Being conscious and feeling the pain are some myths perpetuated about general anaesthesia.
Anaesthesia was a game-changer
for modern medicine when it was
first successfully used on a patient
by American dentist William
Morton on Oct 16, 1846.
Since then, surgery has become
largely pain-free for patients, even
as doctors are doing increasingly
delicate and complex surgical
The mark of a successful general
anaesthesia is that the patient remembers
nothing of the surgery
when he wakes up. And that is what
happens almost all of the time.
Not surprisingly, what sticks in
people’s minds are stories of the
very rare cases of people who are
conscious during part of the
surgery. These stories propagate
misconceptions and anxiety in
Patients with lower education
levels and a lack of awareness
tended to be more anxious. The
most common myths were feeling
pain during surgery, waking up
during surgery and becoming
paralysed after surgery.
Many patients may not know that
an anaesthesiologist is part of the
teamthat operates on them.
“Anaesthesiologists diagnose and
treat medical problems or conditions
that may arise before, during
and after surgery, even while you
sleep,” said Dr Tay Yoong Chuan, a
consultant anaesthesiologist at the
Singapore General Hospital.
Here are his responses to some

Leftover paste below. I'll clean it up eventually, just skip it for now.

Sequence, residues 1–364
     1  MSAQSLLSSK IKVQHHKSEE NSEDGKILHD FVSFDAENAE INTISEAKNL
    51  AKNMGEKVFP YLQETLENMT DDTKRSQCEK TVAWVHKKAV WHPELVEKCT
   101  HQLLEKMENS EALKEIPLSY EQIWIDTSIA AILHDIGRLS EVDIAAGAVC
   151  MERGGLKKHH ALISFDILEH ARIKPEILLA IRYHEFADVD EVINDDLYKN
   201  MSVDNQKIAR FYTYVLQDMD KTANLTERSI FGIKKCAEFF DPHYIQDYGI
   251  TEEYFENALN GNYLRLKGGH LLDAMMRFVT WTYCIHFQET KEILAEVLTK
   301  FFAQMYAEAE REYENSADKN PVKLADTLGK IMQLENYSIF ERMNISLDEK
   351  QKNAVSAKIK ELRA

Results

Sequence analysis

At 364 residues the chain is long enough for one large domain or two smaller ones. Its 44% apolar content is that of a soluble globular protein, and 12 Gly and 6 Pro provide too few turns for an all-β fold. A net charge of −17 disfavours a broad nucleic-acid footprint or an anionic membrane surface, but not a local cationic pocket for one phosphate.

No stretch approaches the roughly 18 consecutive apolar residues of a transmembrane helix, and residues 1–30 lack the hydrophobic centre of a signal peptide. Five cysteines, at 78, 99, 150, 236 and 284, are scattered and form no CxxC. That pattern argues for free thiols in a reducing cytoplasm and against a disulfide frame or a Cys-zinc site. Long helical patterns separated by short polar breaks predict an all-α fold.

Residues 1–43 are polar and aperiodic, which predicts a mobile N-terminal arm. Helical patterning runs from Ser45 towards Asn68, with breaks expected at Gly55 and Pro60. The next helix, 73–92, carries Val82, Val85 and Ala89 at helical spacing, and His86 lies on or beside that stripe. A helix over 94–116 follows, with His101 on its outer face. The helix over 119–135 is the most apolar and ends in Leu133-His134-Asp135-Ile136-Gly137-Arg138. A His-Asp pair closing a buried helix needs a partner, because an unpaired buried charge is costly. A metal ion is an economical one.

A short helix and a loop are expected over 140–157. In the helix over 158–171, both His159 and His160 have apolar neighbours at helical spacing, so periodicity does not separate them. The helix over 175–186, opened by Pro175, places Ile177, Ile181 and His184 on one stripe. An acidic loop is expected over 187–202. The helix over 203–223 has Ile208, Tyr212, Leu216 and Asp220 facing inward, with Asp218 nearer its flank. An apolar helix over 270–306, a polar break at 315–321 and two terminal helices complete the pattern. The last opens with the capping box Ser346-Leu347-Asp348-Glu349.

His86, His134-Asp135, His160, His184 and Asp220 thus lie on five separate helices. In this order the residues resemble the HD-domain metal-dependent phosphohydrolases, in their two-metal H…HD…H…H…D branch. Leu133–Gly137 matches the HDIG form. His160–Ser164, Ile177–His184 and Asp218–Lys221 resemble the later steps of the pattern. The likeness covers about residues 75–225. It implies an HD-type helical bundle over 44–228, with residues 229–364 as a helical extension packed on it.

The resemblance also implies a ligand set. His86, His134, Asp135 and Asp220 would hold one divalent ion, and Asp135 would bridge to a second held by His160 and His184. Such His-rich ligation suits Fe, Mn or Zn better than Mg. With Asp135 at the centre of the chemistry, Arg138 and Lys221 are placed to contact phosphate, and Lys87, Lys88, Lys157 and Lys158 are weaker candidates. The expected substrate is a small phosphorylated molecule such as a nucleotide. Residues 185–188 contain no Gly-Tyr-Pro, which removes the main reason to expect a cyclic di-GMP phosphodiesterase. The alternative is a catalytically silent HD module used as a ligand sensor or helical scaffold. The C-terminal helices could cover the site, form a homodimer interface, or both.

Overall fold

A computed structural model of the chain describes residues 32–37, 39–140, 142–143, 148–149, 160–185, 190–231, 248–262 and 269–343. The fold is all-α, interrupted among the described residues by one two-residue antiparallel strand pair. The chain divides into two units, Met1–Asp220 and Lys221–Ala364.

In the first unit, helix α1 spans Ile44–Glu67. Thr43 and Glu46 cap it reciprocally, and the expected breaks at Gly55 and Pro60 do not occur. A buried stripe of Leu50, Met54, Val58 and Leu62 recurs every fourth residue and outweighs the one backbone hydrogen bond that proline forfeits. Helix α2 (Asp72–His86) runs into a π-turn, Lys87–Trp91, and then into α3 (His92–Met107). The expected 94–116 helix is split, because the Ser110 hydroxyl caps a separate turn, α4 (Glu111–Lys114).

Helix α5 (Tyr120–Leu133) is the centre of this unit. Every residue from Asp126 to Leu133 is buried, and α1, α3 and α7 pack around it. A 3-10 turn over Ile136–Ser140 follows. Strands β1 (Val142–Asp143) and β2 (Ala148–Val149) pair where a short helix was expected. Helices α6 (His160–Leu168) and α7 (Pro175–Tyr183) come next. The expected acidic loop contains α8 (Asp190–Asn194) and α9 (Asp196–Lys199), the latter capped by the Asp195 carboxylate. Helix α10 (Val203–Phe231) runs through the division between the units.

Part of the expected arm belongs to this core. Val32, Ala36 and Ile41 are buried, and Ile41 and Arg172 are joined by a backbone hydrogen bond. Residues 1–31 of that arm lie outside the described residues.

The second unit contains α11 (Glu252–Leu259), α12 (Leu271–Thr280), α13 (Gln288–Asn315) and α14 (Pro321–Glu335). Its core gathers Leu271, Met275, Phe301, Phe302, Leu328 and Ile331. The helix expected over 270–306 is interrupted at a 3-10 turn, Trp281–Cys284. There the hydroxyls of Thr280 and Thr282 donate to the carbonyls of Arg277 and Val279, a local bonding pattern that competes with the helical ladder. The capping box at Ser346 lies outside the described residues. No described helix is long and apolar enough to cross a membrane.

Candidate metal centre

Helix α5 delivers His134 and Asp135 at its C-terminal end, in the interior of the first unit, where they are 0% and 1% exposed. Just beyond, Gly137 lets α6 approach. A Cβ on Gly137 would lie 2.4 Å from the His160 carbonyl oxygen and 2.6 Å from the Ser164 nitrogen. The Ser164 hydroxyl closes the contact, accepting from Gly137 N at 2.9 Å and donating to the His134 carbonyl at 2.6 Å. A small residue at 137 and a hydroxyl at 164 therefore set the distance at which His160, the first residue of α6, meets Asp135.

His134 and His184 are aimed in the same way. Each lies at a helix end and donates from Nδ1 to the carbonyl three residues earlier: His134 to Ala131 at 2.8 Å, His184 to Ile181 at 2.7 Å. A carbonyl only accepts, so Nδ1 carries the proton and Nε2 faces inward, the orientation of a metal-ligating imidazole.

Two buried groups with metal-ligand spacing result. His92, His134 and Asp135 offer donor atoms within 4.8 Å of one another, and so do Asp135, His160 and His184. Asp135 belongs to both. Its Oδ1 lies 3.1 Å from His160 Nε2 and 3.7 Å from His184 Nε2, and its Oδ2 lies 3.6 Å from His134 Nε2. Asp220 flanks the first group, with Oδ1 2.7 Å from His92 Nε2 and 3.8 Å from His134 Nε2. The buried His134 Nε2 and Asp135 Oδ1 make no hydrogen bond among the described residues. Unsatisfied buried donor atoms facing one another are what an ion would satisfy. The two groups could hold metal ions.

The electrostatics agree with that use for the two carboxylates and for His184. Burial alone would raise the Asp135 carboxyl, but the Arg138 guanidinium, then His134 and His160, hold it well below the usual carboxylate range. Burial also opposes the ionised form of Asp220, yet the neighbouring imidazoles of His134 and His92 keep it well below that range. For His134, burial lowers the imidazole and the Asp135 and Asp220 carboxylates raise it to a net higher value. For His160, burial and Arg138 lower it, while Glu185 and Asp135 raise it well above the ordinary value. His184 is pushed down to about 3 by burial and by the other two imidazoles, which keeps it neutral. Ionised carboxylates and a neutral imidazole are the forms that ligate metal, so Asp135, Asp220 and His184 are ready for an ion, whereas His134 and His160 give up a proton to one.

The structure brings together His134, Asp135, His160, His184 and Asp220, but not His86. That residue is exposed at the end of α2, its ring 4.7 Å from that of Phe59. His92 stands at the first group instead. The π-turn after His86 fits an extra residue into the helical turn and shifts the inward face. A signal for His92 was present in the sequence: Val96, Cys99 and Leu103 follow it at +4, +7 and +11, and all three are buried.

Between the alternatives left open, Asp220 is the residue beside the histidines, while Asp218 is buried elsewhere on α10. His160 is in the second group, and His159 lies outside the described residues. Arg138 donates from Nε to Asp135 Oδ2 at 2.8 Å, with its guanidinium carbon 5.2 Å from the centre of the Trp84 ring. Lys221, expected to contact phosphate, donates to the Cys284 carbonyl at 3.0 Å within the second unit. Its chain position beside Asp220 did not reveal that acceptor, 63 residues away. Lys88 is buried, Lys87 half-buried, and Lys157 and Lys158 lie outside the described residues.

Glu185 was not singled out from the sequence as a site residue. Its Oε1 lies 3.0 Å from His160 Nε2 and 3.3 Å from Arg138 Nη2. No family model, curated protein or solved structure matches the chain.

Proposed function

myths related to anaesthesia:
MYTH:The anaesthesia might
wear off during surgery and
I will wake up but be unable
to call for help.
FACT: Consciousness during surgery
is extremely rare. Before
surgery, your anaesthesiologist will
talk to you about your health and
previous anaesthesia experience.
This will enable him to provide you
with the best and safest care plan to
reduce the risk of problems.
MYTH:I may end up paralysed.
FACT: If you choose to have
regional anaesthesia, you will be
unable to move your arms or legs
during surgery. Regional anaesthesia
allows a part of the body to be
anaesthetised for surgery without
the need for general anaesthesia.
While there may be residual
paralysis of a limb, this is temporary,
until the medication wears off.
Before being discharged from
hospital, proper limb-care education
is provided to protect it until
full sensation and strength returns.
Permanent numbness and weakness
of the limbs are extremely rare.
MYTH:I will still feel pain
FACT: The anaesthesiologist is
trained to provide pain relief
during surgery. Do inform your
doctor if you have any lingering
pain after surgery. As pain is
subjective, your anaesthesiologist
will attend to your needs.
MYTH:I might not wake up
FACT: Undergoing general anaesthesia
is like going into a very deep
sleep, after which you should wake
up. This is the experience of
patients, unless a serious event like
a stroke has occurred.
Your anaesthesiologist will meet
you before a procedure to discuss
your individual risk associated with
If there is a need for you to be
closely monitored after a procedure,
you will be sedated during
your stay in intensive care.
When your condition stabilises,
you will be woken up slowly.